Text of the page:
The Traveling Lady opened last night (a good show, I thought, more on that later). This morning the first review is online, from the Dallas Morning News. A good one.
As a designer - anyone in theater - you try to develop a thick hide. You must. I'm lucky that I've never been afflicted with terrible nerves, so I can usually sit through Opening Night stolidly, only cringing a little when I spot a gap in the masking or whatever. (My friend Wade paced the lobby. I do miss Wade.) But it IS a relief to have a first review positive, some slight shock absorber for whatever jolt comes next. Best if the good one is from a major source, though I'm glad to have a good opinion from anyone! Grateful. But, say, the Tony committee's opinion would count more, in a worldly way, than my Mom's. (Sorry Mom.) Still, the insulative qualities of one good review are sometimes insufficient to cushion the next blow... take my word for this. So I'm still braced.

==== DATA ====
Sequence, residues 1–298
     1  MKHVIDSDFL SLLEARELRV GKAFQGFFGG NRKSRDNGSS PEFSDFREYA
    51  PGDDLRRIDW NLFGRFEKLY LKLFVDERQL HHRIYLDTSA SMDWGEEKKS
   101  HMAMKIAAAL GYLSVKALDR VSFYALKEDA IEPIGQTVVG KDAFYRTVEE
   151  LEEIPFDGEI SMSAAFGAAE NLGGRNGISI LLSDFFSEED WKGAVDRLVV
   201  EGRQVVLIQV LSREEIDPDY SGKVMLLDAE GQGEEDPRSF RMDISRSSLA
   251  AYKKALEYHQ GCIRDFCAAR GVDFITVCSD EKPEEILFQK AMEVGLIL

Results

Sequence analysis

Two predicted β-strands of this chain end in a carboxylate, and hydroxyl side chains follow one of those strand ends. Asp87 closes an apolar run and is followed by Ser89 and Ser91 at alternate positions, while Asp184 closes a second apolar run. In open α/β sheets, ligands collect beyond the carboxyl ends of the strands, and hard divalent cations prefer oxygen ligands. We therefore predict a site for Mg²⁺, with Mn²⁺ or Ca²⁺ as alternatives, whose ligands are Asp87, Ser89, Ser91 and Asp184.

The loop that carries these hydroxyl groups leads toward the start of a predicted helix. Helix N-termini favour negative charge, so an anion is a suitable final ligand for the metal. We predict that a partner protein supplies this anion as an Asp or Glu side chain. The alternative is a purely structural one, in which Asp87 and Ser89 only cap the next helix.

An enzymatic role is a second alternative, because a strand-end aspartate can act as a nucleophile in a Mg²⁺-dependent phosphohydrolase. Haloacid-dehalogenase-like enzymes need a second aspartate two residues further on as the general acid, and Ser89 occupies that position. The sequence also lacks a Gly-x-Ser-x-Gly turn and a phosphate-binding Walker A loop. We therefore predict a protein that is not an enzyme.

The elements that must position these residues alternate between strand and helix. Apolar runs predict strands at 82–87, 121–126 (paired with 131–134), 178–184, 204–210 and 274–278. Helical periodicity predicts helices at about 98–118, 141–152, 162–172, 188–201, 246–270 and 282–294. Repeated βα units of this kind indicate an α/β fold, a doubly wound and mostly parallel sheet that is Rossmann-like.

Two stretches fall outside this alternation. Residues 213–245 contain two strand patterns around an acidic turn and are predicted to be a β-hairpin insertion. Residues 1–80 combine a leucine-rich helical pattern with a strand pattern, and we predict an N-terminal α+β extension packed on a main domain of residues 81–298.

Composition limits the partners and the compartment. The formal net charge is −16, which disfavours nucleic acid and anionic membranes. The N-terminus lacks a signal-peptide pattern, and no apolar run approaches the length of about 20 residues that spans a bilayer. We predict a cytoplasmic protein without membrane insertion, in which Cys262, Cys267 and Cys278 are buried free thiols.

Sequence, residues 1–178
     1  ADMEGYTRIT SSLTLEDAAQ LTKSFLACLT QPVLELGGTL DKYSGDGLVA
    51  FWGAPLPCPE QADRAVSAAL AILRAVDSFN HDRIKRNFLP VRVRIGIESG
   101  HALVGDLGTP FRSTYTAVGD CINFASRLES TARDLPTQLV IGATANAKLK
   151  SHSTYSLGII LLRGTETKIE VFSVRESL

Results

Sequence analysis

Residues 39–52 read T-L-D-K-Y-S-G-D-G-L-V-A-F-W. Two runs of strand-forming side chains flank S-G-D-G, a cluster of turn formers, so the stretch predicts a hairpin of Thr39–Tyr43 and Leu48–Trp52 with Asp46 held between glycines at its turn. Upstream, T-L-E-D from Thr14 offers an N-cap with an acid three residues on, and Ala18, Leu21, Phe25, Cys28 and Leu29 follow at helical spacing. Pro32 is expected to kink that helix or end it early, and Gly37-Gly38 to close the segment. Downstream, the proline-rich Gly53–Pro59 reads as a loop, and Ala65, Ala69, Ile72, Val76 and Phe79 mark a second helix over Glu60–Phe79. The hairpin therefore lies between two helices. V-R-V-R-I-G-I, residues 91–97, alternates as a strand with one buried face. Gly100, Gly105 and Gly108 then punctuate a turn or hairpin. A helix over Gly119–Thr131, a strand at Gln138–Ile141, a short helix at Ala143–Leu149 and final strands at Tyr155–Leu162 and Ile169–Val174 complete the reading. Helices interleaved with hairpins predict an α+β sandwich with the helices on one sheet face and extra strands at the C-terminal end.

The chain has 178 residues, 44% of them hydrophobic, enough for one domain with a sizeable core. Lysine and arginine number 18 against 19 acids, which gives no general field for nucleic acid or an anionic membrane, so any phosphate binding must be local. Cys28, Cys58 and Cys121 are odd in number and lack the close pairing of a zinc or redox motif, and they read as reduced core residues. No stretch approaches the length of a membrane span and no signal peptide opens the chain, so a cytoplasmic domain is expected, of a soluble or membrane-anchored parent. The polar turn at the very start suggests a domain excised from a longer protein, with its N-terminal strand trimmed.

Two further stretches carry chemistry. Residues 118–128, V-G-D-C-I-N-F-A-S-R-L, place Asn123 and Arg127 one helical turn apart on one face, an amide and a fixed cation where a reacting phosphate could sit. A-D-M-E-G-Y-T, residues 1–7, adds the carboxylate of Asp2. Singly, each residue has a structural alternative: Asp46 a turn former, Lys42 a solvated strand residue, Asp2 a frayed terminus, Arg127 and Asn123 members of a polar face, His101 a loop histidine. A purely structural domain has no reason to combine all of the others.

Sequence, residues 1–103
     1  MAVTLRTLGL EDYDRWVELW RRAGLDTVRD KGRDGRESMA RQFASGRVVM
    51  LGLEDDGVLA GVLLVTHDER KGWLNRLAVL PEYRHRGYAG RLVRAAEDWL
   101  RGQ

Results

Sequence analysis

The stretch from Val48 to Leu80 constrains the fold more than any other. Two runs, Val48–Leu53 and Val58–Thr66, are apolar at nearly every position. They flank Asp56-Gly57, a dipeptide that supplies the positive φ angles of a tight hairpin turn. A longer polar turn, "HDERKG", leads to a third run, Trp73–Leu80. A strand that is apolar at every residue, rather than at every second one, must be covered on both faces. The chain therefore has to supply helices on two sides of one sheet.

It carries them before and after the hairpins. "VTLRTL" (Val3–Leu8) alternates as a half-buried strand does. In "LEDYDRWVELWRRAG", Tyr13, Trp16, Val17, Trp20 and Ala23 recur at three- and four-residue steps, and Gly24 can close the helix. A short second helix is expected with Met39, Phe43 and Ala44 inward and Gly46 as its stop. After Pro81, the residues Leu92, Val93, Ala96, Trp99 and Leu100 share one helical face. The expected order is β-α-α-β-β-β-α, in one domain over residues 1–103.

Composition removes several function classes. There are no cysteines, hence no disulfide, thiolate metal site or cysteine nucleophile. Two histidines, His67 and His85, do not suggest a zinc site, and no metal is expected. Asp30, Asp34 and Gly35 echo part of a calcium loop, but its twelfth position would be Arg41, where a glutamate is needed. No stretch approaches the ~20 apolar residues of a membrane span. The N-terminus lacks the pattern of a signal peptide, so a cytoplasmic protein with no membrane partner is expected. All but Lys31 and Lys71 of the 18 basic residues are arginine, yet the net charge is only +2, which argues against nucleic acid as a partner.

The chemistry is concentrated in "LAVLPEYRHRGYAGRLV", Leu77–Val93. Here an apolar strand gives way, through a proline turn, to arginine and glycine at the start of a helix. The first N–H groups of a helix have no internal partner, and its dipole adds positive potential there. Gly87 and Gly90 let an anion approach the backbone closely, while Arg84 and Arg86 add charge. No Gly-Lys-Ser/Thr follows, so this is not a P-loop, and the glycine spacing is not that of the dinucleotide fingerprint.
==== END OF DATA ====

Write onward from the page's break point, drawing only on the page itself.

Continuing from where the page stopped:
The sad part about reviews - once you recover from the elation, hurt feelings, outrage, or delight - is that it colors all the rest of that show. If you suffered during the process, that is soothed a bit by the flung roses of a triumph; if you're trashed in review, then however proud you feel of the work, it's roses turning brown.
Reviews mess with your head.